A brief, but excellent remembrance is from Mark Evanier, who knew him for almost 50 years. I think he put it best when he said:
Harlan was a writer who made other writers proud to be writers.
He goes on to… not go into how Harlan Ellison turned “cranky” into an art form. Indeed, in the past decade or so, I’ve read numerous anecdotes lauding Ellison’s influence, but noting that he could switch from congenial to cantankerous depending on when you approached him.
But time and again in those anecdotes you will see how Harlan Ellison stood up for himself and other writers. He was not about to let writers be disrespected, dismissed, and above all, be unpaid. And he backed up this attitude in word and deed: do not underestimate the writer.
Seriously, in D&D terms, Harlan Ellison is the person you bring up when someone muses whether bards could ever be dangerous.
Dungeon Master (DM): You see a bard standing in your way. He has pulled out his lute.
Player One: A bard?!?
Player Two: I unsheathe my sword
Player Three: Seriously, DM? We’re ready for a Tiamat-level monster and you–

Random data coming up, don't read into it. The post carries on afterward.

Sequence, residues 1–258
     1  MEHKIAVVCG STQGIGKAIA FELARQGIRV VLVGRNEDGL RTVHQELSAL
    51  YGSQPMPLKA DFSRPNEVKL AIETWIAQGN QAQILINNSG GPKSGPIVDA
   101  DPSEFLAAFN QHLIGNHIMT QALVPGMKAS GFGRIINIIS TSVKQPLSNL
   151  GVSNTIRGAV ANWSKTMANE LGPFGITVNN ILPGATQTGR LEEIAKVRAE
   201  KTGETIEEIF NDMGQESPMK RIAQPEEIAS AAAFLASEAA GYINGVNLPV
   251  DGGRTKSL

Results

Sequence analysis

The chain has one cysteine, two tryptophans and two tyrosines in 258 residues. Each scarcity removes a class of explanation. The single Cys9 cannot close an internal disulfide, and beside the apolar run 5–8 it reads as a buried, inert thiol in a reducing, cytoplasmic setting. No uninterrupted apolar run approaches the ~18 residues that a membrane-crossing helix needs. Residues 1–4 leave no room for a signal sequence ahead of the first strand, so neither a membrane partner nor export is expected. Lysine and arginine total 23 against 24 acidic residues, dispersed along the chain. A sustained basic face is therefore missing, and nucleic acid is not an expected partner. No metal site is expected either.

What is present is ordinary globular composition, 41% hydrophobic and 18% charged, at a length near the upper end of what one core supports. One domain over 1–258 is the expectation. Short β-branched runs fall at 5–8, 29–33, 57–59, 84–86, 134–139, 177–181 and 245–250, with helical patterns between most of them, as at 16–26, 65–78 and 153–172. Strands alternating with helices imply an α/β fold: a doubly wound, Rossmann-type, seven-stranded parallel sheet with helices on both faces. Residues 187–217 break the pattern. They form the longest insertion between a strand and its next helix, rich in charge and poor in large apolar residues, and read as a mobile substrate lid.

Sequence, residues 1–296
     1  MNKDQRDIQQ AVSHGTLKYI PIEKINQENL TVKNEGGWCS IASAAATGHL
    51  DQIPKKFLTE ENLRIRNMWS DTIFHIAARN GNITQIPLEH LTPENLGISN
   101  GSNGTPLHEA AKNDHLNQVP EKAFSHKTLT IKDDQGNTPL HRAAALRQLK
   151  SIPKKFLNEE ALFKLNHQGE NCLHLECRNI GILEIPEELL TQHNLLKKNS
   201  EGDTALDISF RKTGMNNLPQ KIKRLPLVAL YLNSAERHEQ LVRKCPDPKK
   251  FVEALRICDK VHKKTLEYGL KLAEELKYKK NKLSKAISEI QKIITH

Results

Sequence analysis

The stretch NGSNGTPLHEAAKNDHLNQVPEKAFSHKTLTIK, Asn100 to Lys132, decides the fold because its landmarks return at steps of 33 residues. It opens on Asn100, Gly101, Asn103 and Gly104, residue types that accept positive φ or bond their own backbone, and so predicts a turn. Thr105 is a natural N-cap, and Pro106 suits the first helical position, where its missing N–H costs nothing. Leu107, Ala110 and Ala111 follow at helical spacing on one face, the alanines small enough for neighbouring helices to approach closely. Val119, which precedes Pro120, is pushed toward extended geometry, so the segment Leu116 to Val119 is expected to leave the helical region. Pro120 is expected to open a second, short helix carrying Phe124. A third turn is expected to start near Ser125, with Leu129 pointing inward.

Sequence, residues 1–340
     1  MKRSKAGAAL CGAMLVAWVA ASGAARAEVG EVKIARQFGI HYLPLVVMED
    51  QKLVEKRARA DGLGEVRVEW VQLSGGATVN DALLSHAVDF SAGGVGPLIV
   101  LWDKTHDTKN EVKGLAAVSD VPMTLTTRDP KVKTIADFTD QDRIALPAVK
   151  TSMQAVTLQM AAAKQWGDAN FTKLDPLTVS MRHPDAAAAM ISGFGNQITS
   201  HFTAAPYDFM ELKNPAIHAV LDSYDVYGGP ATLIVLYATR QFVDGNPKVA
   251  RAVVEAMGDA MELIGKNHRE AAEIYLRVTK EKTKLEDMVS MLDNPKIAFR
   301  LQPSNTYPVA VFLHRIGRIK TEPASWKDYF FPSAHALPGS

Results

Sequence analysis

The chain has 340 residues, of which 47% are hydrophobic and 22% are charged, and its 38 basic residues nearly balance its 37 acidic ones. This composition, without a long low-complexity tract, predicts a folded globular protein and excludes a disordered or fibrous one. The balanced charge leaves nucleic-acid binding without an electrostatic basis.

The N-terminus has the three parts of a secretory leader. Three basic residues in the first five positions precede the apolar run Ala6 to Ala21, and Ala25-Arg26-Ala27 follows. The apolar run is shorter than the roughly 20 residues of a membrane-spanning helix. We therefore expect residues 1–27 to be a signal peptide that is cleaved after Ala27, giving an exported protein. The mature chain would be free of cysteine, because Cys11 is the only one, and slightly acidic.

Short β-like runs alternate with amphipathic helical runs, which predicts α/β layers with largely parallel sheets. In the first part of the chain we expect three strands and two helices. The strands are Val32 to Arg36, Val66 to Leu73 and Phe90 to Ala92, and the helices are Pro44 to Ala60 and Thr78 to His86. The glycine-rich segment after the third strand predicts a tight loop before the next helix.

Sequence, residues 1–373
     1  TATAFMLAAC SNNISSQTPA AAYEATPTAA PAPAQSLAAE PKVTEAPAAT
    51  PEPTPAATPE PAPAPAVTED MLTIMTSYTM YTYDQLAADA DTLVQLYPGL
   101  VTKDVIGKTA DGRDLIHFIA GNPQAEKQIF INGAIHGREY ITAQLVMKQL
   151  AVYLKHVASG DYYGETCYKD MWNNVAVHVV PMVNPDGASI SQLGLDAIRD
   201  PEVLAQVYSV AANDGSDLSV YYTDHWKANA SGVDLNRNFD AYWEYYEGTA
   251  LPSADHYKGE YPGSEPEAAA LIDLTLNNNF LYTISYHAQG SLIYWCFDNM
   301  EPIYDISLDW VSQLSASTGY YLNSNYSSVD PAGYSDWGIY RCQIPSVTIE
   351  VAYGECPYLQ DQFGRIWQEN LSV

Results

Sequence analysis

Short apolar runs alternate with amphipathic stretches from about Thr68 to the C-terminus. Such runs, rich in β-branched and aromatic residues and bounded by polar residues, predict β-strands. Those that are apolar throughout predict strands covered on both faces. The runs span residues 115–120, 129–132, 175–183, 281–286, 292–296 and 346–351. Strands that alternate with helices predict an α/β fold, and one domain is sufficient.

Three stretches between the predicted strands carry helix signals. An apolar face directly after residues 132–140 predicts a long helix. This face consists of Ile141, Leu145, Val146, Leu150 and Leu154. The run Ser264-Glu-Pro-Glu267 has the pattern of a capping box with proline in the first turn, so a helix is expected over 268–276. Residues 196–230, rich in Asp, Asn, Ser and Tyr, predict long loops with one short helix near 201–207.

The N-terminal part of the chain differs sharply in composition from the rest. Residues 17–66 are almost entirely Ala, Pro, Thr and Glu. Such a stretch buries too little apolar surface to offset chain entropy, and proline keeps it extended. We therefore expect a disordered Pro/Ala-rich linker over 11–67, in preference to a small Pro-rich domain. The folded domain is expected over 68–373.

DM: The bard starts playing his lute. He steps into the light. It’s Harlan Ellison.
Player One: @#$%!
Player Two: I lower my sword and back away slowly
Player Three: I toss him a couple gold coins and say, “Semper reddere scriptor.”
If you’ve only known Ellison for his excellent work in television (Star Trek, Twilight Zone, Outer Limits), I urge you to seek out some of his other works. The short stories ” “Repent, Harlequin!” Said the Ticktockman” and “I Have No Mouth, and I Must Scream.”
I also have a certain fondness for his 1987 graphic novel anthology with Ken Steacy, Night and the Enemy.
I’ll leave with the author in his own, not-safe-for-work words, regarding paying the writer:
R.I.P. Harlan Ellison. I mean, I don’t think it’s your style, but R.I.P.